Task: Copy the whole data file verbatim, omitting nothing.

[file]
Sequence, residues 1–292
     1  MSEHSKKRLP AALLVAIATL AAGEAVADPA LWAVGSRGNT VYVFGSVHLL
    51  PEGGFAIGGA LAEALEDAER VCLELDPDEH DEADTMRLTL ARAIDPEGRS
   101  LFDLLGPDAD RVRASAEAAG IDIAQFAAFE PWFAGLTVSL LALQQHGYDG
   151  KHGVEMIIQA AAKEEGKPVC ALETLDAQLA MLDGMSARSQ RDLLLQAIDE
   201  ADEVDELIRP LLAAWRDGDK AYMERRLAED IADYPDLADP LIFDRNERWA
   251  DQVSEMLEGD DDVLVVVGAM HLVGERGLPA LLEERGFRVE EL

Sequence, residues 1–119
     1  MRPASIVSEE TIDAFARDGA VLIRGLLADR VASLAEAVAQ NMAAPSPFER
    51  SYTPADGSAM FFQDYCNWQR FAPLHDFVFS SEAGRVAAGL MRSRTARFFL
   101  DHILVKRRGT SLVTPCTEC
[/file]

Sequence, residues 1–292
     1  MSEHSKKRLP AALLVAIATL AAGEAVADPA LWAVGSRGNT VYVFGSVHLL
    51  PEGGFAIGGA LAEALEDAER VCLELDPDEH DEADTMRLTL ARAIDPEGRS
   101  LFDLLGPDAD RVRASAEAAG IDIAQFAAFE PWFAGLTVSL LALQQHGYDG
   151  KHGVEMIIQA AAKEEGKPVC ALETLDAQLA MLDGMSARSQ RDLLLQAIDE
   201  ADEVDELIRP LLAAWRDGDK AYMERRLAED IADYPDLADP LIFDRNERWA
   251  DQVSEMLEGD DDVLVVVGAM HLVGERGLPA LLEERGFRVE EL

Sequence, residues 1–119
     1  MRPASIVSEE TIDAFARDGA VLIRGLLADR VASLAEAVAQ NMAAPSPFER
    51  SYTPADGSAM FFQDYCNWQR FAPLHDFVFS SEAGRVAAGL MRSRTARFFL
   101  DHILVKRRGT SLVTPCTEC